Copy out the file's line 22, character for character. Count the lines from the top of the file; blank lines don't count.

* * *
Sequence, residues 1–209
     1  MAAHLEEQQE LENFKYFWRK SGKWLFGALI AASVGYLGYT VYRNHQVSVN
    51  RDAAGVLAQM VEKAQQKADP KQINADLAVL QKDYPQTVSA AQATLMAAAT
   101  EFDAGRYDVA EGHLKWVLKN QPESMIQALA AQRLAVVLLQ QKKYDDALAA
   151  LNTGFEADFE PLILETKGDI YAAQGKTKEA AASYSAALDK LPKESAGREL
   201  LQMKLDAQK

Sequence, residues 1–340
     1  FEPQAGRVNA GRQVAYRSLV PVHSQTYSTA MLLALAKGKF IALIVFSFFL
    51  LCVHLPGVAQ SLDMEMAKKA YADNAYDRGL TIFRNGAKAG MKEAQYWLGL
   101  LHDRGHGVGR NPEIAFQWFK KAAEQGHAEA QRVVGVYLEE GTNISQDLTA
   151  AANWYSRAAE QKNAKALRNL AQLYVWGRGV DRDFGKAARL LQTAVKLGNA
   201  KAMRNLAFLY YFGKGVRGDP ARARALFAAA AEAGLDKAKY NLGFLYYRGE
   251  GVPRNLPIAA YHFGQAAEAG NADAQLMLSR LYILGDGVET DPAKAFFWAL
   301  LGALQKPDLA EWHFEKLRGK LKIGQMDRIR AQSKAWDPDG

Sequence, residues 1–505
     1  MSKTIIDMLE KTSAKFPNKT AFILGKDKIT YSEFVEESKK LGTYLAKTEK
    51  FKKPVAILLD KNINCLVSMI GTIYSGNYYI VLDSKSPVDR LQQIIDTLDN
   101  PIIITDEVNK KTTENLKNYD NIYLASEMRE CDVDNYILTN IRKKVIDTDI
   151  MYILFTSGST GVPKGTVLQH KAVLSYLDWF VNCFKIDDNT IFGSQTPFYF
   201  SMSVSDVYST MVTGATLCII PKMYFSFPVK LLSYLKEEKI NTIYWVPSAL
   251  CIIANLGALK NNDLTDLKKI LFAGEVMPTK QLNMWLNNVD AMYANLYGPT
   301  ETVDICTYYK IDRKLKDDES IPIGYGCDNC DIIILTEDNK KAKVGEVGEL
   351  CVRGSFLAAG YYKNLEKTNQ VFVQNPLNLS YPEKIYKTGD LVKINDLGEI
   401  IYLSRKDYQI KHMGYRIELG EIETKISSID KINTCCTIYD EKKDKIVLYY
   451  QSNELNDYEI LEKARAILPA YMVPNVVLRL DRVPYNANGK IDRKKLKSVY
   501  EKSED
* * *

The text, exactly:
   301  ETVDICTYYK IDRKLKDDES IPIGYGCDNC DIIILTEDNK KAKVGEVGEL